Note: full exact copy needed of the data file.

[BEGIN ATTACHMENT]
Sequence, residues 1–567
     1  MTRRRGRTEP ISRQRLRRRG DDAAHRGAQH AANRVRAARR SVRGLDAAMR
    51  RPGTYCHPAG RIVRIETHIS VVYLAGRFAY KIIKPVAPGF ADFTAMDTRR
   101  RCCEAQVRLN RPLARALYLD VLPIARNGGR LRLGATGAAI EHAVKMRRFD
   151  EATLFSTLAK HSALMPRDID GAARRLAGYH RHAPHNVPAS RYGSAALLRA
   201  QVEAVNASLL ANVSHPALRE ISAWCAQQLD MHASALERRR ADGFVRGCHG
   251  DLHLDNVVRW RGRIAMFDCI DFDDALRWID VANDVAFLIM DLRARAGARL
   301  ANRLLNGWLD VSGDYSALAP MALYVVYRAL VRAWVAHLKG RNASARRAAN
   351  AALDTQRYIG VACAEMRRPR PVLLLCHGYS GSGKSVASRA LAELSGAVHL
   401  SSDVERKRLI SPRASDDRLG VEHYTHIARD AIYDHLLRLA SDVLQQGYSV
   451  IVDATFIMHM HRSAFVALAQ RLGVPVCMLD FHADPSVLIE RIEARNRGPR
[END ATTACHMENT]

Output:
Sequence, residues 1–567
     1  MTRRRGRTEP ISRQRLRRRG DDAAHRGAQH AANRVRAARR SVRGLDAAMR
    51  RPGTYCHPAG RIVRIETHIS VVYLAGRFAY KIIKPVAPGF ADFTAMDTRR
   101  RCCEAQVRLN RPLARALYLD VLPIARNGGR LRLGATGAAI EHAVKMRRFD
   151  EATLFSTLAK HSALMPRDID GAARRLAGYH RHAPHNVPAS RYGSAALLRA
   201  QVEAVNASLL ANVSHPALRE ISAWCAQQLD MHASALERRR ADGFVRGCHG
   251  DLHLDNVVRW RGRIAMFDCI DFDDALRWID VANDVAFLIM DLRARAGARL
   301  ANRLLNGWLD VSGDYSALAP MALYVVYRAL VRAWVAHLKG RNASARRAAN
   351  AALDTQRYIG VACAEMRRPR PVLLLCHGYS GSGKSVASRA LAELSGAVHL
   401  SSDVERKRLI SPRASDDRLG VEHYTHIARD AIYDHLLRLA SDVLQQGYSV
   451  IVDATFIMHM HRSAFVALAQ RLGVPVCMLD FHADPSVLIE RIEARNRGPR